On the other hand, there are authors who do not support CP due to the mortality, morbidity and other consequences. Büchler et al[10] claimed that CP should no longer be considered in patients with a PF. They studied 617 patients who underwent pancreatectomy. The overall incidence of PF in this study was 3.2% (20 patients)with no mortality reported after PF. However no data are given concerning the severity of these PF cases. Seventeen of the 20 patients who developed this complication healed with conservative treatment, two underwent interventional drainage procedure after developing a low-output PF and a simultaneous peri-anastomotic abscess and only one required reoperation in order to deal with a high-output PF (> 200 mL/d). No patient underwent CP. The authors conclude that CP has probably lost its role in PF managment. However, the data from this study cannot be compared with other studies as there is no correlation of the impact of PF with the patient overall status. As a result there is no way to exclude grade A and B PF cases which would have a better prognosis and would not require major interventions.

Haddad et al[11] published an article about the treatment of choice for PF after PD. In their study 121 patients underwent PD of which 35 (30%) developed PF. Of these 20 were managed conservatively and 14 were re-operated. Five underwent CP and overall mortality in the re-operated patients was 60% (3 patients). Nine patients underwent surgical debridement and drainage with 22% mortality (2 patients). This study suggests that CP should be performed only in patients with peritonitis and severe inflammation of the retroperitoneal space. Additionally, radiological or conservative surgical treatment of PF should be the preferred option, because extensive drainage and CP are procedures which have high mortality and morbidity rates. The authors also give emphasis on postoperative CP endocrine insufficiency and the associated morbidity.


Despite the extensive experience with pancreatic resection procedures and the decrease in overall complication rates and hospital stay, pancreatic leak rates remain unchanged [12]. Rates of postoperative mortality, wound infection, cardiac complications, intra-abdominal abscess, bile leak, hemorrhage from the rupture of a pseudo-aneurysm and frequency of re-operation are significantly greater in patients with PF. Consequently, prevention and effective management of these patients is a major concern for pancreatic surgeons[13]. Obviously the management of complications associated with PF requires a multidisciplinary approach involving the pancreatic surgeon, intensive care team and interventional radiologists[14]. PF grade A and B are well managed conservatively with TPN, somatostatin analogues, slow removal of the drains placed intra-operatively and percutaneous drainage of abdominal collections, if needed[4]. On the other hand PF grade C is a life-threatening condition and may require operative intervention when there is evidence of sepsis and/or organ dysfunction. The overall re-laparotomy rate has decreased, indicating that many complications can be managed by non-operative means. Once the operative approach is decided the degree of destruction and inflammation in the retro-peritoneum probably plays the major role in determining the operative procedure for correcting the leaking pancreaticojejunal anastomosis. At the present time, the use of CP is under debate whereas conservative management is thought to be as a salvage solution equally efficient to CP. Although CP has high mortality rates, but lesser procedures may be ineffective in controlling the leak. This aggressive approach achieves sterilization of the infection source and has a decreased need for re-operation. However, it is a technically demanding procedure with major pitfalls as it leads, in most cases to splenectomy and, moreover, to endocrine insufficiency with potential lethal severe hypoglycaemia.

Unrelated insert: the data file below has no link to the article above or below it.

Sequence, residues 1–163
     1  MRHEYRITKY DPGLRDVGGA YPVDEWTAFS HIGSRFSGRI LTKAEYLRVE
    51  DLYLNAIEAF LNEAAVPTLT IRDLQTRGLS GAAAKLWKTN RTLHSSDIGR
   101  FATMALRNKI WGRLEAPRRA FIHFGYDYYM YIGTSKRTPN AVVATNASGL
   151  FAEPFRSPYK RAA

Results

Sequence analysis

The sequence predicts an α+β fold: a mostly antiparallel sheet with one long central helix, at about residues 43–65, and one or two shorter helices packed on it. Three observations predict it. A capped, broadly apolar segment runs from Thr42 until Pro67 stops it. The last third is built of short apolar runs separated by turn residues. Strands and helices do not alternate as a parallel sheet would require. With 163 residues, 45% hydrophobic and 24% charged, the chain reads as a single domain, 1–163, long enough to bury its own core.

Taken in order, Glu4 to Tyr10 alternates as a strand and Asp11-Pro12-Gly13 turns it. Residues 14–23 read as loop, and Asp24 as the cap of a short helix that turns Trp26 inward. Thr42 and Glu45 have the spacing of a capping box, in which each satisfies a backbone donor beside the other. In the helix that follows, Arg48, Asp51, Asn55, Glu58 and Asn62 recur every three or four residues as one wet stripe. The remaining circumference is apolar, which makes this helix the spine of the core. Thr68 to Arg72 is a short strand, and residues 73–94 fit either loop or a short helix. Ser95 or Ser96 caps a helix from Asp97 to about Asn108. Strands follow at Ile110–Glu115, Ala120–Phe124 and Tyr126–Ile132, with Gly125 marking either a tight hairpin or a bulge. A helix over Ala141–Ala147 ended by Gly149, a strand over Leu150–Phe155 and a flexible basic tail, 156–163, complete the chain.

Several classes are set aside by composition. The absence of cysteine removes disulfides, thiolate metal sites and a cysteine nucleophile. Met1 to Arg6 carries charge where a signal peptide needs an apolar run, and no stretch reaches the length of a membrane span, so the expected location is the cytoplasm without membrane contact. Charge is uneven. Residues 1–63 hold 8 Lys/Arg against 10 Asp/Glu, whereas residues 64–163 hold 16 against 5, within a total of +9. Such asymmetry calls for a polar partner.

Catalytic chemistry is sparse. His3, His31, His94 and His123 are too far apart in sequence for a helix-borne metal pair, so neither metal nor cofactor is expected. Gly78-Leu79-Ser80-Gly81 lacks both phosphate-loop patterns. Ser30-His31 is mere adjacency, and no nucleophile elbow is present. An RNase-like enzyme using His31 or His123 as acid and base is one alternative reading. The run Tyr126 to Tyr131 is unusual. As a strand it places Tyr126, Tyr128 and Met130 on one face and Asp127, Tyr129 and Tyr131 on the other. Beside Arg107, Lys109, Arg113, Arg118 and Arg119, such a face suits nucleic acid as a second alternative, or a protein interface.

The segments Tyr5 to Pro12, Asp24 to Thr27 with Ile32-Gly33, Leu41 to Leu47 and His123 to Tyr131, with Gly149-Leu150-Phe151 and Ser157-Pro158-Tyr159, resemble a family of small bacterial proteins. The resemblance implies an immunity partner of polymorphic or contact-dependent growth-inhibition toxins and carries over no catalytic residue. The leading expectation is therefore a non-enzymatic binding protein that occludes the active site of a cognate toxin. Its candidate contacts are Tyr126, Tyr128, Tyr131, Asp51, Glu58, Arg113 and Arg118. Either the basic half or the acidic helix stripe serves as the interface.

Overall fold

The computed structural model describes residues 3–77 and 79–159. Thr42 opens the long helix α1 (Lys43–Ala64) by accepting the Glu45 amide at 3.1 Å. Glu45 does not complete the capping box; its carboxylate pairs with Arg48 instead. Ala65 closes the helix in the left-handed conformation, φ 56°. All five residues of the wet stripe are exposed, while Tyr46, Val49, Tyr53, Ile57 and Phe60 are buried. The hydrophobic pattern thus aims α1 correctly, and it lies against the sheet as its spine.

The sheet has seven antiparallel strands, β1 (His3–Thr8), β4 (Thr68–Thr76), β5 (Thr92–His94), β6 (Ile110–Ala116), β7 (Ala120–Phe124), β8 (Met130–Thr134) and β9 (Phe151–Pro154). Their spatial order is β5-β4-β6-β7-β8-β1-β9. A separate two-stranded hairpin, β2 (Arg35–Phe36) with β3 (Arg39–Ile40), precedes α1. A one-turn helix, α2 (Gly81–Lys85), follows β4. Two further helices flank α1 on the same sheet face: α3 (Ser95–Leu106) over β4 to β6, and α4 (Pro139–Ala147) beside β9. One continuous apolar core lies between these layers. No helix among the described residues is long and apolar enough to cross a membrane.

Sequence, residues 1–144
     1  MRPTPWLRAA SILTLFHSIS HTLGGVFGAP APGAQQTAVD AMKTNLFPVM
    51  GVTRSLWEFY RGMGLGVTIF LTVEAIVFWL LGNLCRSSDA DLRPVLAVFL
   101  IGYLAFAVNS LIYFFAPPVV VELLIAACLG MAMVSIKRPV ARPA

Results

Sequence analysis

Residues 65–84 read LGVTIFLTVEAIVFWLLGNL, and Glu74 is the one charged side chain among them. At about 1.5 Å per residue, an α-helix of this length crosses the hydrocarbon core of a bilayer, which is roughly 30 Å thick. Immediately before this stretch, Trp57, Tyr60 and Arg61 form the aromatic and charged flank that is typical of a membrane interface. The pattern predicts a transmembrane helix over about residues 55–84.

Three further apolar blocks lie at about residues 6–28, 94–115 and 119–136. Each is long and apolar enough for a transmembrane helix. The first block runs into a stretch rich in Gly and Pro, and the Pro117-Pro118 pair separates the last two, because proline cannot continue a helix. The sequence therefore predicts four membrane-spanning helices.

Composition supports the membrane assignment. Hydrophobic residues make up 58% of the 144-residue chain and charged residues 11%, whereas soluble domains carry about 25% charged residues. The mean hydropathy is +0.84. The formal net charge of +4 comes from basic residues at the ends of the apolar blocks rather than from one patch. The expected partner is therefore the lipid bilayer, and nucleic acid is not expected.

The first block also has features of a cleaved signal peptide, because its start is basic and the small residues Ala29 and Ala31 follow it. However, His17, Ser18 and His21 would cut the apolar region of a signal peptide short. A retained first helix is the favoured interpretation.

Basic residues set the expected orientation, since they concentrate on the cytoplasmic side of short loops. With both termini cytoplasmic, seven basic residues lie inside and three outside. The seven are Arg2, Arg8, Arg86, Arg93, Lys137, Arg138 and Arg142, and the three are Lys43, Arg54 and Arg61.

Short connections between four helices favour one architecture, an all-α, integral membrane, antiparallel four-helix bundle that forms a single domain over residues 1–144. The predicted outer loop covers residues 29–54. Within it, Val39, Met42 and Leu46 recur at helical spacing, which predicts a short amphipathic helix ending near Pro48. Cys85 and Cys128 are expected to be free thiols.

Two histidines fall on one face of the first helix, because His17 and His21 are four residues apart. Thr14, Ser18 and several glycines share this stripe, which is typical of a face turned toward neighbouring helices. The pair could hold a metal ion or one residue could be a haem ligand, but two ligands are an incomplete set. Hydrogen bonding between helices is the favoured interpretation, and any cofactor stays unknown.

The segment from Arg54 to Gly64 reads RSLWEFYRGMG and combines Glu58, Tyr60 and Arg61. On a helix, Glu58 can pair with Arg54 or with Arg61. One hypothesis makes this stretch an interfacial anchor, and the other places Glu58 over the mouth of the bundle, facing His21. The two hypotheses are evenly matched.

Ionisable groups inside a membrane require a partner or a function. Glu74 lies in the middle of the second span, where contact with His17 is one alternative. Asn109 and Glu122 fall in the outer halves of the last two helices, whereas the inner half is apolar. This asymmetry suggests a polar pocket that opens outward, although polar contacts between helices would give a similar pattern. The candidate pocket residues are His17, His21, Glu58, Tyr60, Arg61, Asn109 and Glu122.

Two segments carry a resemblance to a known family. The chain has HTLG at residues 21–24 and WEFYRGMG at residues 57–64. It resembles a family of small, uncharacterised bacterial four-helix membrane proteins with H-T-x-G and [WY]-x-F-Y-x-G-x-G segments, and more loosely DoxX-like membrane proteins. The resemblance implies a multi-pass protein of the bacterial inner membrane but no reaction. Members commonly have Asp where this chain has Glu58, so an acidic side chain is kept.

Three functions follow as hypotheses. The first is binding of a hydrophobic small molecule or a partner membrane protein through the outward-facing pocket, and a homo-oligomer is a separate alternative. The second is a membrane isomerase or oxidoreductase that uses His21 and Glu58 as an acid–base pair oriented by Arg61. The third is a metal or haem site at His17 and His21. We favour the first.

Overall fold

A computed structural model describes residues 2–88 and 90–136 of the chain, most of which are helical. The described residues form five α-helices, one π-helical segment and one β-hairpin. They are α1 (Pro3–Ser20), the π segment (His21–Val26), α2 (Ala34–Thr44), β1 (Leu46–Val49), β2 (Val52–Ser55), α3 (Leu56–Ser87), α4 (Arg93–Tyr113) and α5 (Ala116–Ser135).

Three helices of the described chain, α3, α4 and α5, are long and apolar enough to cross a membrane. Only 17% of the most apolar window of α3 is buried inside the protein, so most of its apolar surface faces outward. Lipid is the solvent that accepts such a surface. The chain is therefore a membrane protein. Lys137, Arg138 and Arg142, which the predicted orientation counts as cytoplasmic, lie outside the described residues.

The preferred management strategy remains a matter of debate and generally depends on the severity of the leak and the surgeon’s preference.


The operating skills of the surgeon and the clinical assessment of the patient are crucial in deciding on surgical intervention through completion pancreatectomy patients with PF grade C who do not clinically improve under conventional measures. Future studies should be designed according to strict and uniform criteria concerning the severity and degree of PF in order to evaluate the place of each therapeutic intervention for the management of this complication.


Peer reviewers: Giulio A Santoro, Professor, Pelvic Floor Unit and Colorectal Unit, Department of Surgery, Regional Hospital, Treviso 31000, Italy; Uwe Klinge, MD, Professor, Institute for Applied Medical Engineering AME, Helmholtz Institute, RWTH Aachen Pauwelsstrabe 30, Aachen 52074, Germany

S- Editor Wang JL L- Editor Hughes D E- Editor Lin YP